Basically, Bioware nails it.
The most surprising feature for me was that DA in fact does not use the Dungeons & Dragons rules underneath. Instead Bioware made a new system, where characters have a pool of mana or stamina that regenerates in real time, while buffs take their toll by lowering maximum mana/stamina and reduce regeneration rates. Mana/stamina regenerates slow during combat, and quickly once combat is ended. I rather liked this, because it means you won't be holding anything back during fights because your are afraid you may need your spells later on.
Also you don't need to 'rest' all the time to regain spells. Only three base classes (warrior, rogue, mage) and three races (human, dwarf, elf) are available, but each class has four possible specializations, 'prestige classes' if you will. Spells and abilities are gained only at level-up so you will probably be second-guessing your choices a lot. Crafting materials
especially for single use items like potions, poisons and healing kits, as well as their recipes seem rare and expensive, I didn't rely on them and I don't think you can. All in all though, it's an impressive new system with both D&D and action RPG aspects.
DA does an excellent job of presenting the world of Ferelden to you. With Eye of the Beholder, Baldur's Gate, Planescape Torment, Neverwinter Nights, and Icewind Dale (did I miss any?) all situated in the world of Ferun, it is actually good to have something new. A lot of 'lore' is stored for your convenience in the 'Codex' as you discover the world. However, I couldn't bring myself to read it all in a game that took me 75 hours (!!) to complete.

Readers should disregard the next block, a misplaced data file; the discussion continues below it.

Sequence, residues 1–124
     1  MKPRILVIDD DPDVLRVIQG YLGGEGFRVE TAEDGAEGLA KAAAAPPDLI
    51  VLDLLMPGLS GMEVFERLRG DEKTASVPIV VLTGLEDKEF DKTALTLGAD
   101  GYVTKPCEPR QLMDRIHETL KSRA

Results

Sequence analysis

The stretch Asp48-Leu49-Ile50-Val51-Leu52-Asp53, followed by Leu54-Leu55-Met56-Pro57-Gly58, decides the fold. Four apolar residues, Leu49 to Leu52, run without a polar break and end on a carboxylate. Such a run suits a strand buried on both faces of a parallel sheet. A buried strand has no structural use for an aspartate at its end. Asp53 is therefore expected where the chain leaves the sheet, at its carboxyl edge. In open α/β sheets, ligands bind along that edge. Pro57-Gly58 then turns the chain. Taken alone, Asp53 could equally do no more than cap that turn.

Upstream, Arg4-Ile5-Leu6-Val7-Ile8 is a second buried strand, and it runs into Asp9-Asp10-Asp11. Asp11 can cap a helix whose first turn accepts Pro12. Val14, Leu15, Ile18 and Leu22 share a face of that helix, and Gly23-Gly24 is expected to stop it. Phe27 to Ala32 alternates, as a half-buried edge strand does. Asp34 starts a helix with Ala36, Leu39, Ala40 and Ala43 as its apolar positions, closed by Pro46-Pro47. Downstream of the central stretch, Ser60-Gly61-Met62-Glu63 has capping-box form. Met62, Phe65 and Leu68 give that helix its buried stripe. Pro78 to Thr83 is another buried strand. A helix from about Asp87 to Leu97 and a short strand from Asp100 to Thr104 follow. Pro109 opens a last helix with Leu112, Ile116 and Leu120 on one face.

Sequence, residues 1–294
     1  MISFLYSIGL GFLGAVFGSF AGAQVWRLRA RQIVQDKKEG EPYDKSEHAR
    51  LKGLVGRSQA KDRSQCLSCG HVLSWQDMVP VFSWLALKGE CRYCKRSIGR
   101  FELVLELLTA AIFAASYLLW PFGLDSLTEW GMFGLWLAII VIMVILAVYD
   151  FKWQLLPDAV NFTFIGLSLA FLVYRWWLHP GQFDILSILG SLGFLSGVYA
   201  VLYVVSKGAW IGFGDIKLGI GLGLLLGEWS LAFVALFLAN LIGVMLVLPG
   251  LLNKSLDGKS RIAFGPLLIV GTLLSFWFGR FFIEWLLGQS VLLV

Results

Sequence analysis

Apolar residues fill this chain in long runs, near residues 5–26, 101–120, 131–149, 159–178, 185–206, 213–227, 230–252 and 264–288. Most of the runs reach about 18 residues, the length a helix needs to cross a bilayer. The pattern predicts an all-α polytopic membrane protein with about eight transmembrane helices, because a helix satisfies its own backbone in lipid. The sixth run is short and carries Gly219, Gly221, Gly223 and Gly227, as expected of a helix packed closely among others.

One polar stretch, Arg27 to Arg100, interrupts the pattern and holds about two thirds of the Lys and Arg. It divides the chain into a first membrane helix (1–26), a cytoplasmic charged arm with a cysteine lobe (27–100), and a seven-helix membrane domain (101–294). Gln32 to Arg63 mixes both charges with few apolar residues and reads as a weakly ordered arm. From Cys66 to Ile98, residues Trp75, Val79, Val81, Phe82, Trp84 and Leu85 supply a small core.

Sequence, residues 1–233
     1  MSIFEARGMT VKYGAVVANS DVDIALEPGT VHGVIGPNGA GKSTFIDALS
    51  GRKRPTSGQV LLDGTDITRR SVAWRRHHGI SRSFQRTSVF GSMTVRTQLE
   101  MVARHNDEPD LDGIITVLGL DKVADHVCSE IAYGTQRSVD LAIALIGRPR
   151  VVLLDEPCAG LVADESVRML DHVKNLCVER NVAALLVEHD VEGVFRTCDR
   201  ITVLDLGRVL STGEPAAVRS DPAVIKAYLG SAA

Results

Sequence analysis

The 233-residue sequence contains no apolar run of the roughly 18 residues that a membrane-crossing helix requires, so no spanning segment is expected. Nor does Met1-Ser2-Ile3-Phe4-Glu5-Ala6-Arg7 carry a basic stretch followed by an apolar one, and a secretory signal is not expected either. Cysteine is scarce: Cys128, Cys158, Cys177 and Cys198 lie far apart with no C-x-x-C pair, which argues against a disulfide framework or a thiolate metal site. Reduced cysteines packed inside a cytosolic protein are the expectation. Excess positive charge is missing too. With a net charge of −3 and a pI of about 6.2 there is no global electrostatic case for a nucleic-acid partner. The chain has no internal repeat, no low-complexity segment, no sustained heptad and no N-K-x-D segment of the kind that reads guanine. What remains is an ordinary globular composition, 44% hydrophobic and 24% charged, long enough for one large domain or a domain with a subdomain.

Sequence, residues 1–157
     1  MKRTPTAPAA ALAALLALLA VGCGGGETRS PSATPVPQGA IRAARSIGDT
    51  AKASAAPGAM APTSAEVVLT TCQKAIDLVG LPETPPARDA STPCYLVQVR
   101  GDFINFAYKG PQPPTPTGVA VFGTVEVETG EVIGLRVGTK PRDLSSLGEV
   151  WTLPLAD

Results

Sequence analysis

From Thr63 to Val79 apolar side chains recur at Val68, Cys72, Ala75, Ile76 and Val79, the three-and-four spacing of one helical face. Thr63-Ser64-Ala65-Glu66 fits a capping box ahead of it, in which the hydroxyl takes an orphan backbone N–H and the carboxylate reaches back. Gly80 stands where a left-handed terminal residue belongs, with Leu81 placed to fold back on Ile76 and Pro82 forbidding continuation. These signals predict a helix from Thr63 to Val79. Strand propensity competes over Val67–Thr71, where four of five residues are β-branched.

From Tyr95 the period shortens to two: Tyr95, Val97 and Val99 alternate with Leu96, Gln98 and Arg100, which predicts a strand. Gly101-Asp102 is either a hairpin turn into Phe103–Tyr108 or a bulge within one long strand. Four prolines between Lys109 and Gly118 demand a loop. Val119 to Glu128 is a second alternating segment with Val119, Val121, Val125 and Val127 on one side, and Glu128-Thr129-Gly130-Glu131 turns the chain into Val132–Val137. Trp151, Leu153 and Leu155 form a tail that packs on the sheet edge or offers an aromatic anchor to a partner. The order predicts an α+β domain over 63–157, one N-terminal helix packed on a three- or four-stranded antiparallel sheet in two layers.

There is a ton of spoken dialogue and the voice acting, facial animations etc. are all excellently done. There is just so much of it that sometimes you wish it was a little less verbose. DA is very similar to Neverwinter Nights 2, without the bugs that is. To me it doesn't quite have the strength of storytelling and characters that Obsidian displayed with Knights of the Old Republic 2 and NWN2, but it's very good nonetheless. The dialogue options you
choose, and your ability to pursuade others affect how encounters end; it seems there are substantial differences to how things play out as a result.
As almost standard by now you have a considerable number of potential party members to choose from and they all have their own problems and opinions. It's hard to keep everyone satisfied and I found myself switching out characters sometimes to keep them from seeing my actions.
Like most RPGs this game is a time-sink and I even feel like playing at least the beginning again with another character to get a different 'origin story'. Perhaps it is a bit too time consuming, but I was hooked indeed.